I was sixteen, working late at Hested’s department store
pressing clothes on their hangers
with hot mist from an ancient machine.
You had to be careful not to burn yourself.
The boss asked if I wanted to get a bite to eat,
and then he’d drive me home.
He was our neighbor, my mom said she guessed it would be okay.
Back then I was wildly pursued by boys.
But the boss was thirty-five, an old man,
out of my league, but I didn’t know it until
I was sitting in a bar, what I thought was a restaurant
since I didn’t know the inside of a bar.
He ordered a steak for himself, a hamburger for me.
I had on a blue polyester dress and nylons
I’d just gotten my paycheck.
The waitress, dressed in a bikini with fringe,
even though it was snowing outside,
slammed the food onto the table, and gave the boss
a look, then looked at me and shook her head sadly.
He let me sip his whiskey sour, and ordered two more.
I stared into the chipped mirror on the wall across from me.
Heavy red drapes parted behind me,
I didn’t turn around, but suddenly I knew.
She had a blonde ponytail and long red tassels.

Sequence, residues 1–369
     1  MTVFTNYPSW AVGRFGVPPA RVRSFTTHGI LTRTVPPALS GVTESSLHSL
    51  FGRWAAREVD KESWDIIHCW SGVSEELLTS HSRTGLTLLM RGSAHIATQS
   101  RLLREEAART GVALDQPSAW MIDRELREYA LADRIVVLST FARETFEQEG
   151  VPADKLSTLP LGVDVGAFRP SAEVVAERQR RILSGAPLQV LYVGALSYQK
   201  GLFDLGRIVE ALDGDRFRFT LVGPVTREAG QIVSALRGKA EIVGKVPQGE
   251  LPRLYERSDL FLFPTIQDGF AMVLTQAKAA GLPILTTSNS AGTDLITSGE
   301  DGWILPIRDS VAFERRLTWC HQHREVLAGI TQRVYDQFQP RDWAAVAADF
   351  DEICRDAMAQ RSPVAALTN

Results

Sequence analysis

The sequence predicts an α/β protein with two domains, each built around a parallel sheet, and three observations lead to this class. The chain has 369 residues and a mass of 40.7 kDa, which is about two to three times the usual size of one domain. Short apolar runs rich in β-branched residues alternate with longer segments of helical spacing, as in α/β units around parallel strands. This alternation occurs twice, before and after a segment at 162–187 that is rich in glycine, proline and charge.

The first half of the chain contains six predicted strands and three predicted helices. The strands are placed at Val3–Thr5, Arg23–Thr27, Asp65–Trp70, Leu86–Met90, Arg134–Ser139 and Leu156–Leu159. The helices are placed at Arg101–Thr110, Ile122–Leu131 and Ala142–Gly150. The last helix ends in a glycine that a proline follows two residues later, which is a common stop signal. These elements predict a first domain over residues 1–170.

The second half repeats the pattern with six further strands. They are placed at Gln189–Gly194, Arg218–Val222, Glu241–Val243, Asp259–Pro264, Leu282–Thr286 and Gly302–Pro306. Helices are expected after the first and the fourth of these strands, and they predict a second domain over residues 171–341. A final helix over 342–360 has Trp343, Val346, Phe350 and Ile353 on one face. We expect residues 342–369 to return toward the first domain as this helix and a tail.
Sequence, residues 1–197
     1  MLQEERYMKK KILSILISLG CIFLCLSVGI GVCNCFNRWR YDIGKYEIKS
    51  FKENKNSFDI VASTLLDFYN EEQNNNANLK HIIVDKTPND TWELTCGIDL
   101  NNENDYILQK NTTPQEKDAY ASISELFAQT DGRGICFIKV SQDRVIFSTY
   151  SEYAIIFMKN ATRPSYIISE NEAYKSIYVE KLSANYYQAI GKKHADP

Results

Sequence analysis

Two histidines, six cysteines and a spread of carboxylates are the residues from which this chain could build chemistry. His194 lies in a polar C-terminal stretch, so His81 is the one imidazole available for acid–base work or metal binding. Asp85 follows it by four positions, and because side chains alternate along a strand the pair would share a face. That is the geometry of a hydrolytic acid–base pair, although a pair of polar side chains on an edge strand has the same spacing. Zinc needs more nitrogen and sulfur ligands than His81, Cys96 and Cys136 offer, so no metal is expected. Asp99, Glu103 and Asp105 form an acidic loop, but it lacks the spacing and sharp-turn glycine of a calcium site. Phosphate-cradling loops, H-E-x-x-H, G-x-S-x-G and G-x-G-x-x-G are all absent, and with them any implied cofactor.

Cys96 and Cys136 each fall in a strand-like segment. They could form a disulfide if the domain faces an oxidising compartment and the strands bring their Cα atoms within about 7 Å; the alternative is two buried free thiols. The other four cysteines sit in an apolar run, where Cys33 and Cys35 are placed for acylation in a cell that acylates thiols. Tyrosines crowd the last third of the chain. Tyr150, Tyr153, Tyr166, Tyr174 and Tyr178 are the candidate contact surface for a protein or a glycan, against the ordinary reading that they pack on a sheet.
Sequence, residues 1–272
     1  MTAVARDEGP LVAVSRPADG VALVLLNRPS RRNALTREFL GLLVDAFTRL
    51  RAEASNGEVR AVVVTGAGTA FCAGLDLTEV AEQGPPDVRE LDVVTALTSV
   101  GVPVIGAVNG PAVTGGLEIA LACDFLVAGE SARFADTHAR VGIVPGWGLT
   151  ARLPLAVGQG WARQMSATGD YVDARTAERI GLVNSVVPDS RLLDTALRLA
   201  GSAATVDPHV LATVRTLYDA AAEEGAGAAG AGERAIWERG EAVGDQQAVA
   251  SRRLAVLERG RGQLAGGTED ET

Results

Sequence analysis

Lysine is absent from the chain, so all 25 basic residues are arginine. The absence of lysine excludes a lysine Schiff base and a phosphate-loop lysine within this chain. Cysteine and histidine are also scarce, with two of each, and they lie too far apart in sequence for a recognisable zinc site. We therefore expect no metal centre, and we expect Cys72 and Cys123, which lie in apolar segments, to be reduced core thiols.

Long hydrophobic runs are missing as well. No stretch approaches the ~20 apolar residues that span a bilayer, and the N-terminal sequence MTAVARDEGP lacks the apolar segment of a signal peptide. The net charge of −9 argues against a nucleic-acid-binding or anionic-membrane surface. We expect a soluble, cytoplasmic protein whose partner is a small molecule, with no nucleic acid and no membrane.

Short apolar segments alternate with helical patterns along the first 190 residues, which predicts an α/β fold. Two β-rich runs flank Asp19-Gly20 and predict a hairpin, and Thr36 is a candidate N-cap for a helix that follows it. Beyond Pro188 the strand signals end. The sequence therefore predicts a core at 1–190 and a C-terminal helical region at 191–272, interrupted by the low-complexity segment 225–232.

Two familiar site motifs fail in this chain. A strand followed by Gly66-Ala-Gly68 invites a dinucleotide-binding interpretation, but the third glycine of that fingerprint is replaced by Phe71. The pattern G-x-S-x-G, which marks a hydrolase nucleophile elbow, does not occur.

I sat waiting for it to end, my own face
red as the twirling tassels and the nipples that held them.
Blood of my hamburger, and cherry floating in sticky sweetness.
The boss smiled at me and licked a crumb from his lips.
My mother had never told me any of this would happen.
On the way home, we slid across icy streets,
as his big Pontiac lurched toward our neighborhood.
The tires skidded and the car stopped. Silent snow.
We weren’t there yet.
He lunged quickly and his mouth tasted like smoke and meat.
He pushed up hard against me, and I started to cry.
He said, “Don’t cry, baby. It won’t hurt.”
I put his hands away from me, turned to the window,
opened it all the way,
and let the snow fall on my face and tongue and hair.
Kathy Stevenson’s essays and short stories have appeared in a wide variety of newspapers, magazines, and literary journals including The New York Times, The Writer, Newsweek, Philadelphia Inquirer, Chicago Tribune, Clapboard House, Red Rock Review, Tishman Review, and many others. Her short story “Homeland Security” was featured in a recent issue of the Same. She has lived in Colorado, Pennsylvania, Florida, Illinois, and is now (hopefully) settling forever in California. She has an MFA from Bennington College. You can read more of her work on www.kathystevenson.com, or follow her @k_stevenson01.